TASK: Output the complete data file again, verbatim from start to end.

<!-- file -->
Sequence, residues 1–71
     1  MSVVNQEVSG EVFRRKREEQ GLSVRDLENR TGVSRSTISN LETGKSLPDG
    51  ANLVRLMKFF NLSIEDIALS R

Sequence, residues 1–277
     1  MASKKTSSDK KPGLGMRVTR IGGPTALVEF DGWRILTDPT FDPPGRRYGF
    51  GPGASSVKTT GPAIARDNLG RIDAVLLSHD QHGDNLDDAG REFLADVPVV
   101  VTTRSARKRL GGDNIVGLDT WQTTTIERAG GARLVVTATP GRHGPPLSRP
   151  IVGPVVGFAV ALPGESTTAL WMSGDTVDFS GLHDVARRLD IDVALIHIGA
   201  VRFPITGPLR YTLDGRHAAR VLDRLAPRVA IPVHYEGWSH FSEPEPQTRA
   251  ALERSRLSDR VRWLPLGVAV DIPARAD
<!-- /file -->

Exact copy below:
Sequence, residues 1–71
     1  MSVVNQEVSG EVFRRKREEQ GLSVRDLENR TGVSRSTISN LETGKSLPDG
    51  ANLVRLMKFF NLSIEDIALS R

Sequence, residues 1–277
     1  MASKKTSSDK KPGLGMRVTR IGGPTALVEF DGWRILTDPT FDPPGRRYGF
    51  GPGASSVKTT GPAIARDNLG RIDAVLLSHD QHGDNLDDAG REFLADVPVV
   101  VTTRSARKRL GGDNIVGLDT WQTTTIERAG GARLVVTATP GRHGPPLSRP
   151  IVGPVVGFAV ALPGESTTAL WMSGDTVDFS GLHDVARRLD IDVALIHIGA
   201  VRFPITGPLR YTLDGRHAAR VLDRLAPRVA IPVHYEGWSH FSEPEPQTRA
   251  ALERSRLSDR VRWLPLGVAV DIPARAD